United States of American v. Robert J. Stevens
Brief in Opposition
March 20, 2009
"At trial, Mr. Stevens presented expert testimony that each of the documentaries has substantial educational or historical value. Dr. I. Lehr Brisbin, a fellow of the American Association for the Advancement of Science and a Senior Ecologist and Adjunct Professor at the University of Georgia, testified that each of the documentaries has serious educational value. C.A. App. 563, 579, 580, 582. Dr. Brisbin stated that he would use "Japan Pit Fights" and "Pick-A-Winna: A Pit Bull Documentary" in his teaching and testimony before governmental bodies to demonstrate that Pit Bulls can be trained to relate to humans even after they have participated in hunting or fighting. Id. at 582. Dr. Brisbin also testified that "Catch Dogs and Country Living" teaches Pit Bull owners the "responsibility to do things right" if they choose to train their dogs for hunting. Id. at 582.
Michael Riddle, a recognized expert in large-game hunting, C.A. App. 599-600, stated that he thought "Catch Dogs and Country Living" was "very educational" because it informs hunters how to train their dogs for hunting and prepares them for the errors that dogs can make. C.A. App. 604-605.
Glen Bui, acting Vice-President of the American Canine Foundation, an organization working to "end animal cruelty," Bui Dep. at 13:19-20, testified that Mr. Stevens' films were "extremely educational" and had serious historical value documenting the history of dog fighting and its cultural role in Japan. Id. at 13:32-34.1 He also explained that images from Mr. Stevens' films had been extracted and used by animal rights organizations to campaign against dog fighting. Id. at 14:12-13.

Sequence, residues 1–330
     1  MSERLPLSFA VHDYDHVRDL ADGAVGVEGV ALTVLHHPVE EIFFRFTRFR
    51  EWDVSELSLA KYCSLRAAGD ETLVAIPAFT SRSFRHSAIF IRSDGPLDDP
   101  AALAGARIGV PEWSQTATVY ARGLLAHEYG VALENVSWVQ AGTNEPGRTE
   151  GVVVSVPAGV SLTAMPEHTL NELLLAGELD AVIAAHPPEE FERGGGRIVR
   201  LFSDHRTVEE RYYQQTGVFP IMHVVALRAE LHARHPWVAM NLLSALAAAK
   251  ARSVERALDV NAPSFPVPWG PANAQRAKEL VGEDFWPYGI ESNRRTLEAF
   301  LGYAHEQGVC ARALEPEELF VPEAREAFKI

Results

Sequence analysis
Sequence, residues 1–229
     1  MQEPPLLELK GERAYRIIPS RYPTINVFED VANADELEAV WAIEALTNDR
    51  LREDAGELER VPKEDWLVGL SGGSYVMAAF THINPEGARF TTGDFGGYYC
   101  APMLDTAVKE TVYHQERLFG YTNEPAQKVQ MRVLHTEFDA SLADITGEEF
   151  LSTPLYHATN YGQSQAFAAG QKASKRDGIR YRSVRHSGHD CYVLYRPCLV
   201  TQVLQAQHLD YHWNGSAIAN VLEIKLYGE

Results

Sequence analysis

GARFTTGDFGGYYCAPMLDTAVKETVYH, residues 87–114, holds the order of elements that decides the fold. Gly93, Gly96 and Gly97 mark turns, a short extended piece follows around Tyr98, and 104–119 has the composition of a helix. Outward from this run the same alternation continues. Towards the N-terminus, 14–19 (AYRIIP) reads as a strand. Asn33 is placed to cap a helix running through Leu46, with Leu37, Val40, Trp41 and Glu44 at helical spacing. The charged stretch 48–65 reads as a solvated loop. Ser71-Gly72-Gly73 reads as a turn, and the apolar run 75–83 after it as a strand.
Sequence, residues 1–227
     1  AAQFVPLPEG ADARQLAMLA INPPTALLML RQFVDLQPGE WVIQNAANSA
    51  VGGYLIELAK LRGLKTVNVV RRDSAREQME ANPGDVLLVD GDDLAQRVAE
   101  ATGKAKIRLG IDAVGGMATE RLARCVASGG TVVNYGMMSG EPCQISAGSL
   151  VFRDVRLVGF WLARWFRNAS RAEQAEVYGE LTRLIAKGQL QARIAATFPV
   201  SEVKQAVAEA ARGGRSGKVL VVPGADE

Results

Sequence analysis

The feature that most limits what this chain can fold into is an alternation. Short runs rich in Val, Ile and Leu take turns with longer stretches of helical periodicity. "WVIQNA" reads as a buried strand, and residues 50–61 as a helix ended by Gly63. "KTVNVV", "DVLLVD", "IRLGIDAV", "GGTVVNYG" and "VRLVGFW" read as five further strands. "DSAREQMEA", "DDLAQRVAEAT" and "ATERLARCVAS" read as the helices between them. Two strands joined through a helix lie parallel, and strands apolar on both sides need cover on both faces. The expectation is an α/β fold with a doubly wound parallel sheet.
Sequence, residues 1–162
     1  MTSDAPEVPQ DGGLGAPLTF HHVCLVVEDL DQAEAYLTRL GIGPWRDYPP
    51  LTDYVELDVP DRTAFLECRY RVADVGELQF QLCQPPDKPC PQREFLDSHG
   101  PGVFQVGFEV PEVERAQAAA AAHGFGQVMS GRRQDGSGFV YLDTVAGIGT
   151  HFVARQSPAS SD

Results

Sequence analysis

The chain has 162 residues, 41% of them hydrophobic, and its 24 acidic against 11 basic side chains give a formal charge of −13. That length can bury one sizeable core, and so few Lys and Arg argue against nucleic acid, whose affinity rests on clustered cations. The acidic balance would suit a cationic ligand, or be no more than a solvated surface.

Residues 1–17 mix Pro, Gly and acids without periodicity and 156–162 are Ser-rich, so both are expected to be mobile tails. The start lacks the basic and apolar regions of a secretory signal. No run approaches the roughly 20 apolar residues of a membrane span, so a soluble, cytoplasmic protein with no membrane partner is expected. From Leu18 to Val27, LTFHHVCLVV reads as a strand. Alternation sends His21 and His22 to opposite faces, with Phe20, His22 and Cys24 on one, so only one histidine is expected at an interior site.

After hearing that testimony, the jury was instructed, over Mr. Stevens' objection, that the statutory exception for images with "serious" religious, political, scientific, educational, journalistic, historical or artistic value applies only to images that are "significant and of great import." C.A. App. 641, 647.
The jury then convicted Mr. Stevens on three counts of violating 18 U.S.C. § 48. Pet. App. 4a. Mr. Stevens was sentenced to 37 months of imprisonment to be followed by three years of supervised release. Ibid.
4. a. On appeal, the United States Court of Appeals for the Third Circuit sua sponte heard the case en banc. The court then ruled that Section 48 is a facially unconstitutional content-based prohibition on speech that violApp. 1a-63a."
02/06/09: Katrina Rescue Fraud: Dogs Hijacked by "Trainers" and Pit Bull Advocates
01/08/09: Animal Cruelty Law Tests Free Speech: Dogfighting Videos
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12/12/08: Edward Faron of Wildside Kennels Has Been Charged by Authorities
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04/05/08: Charged Bloodsport Breeder, T.L. Williams, Still in Business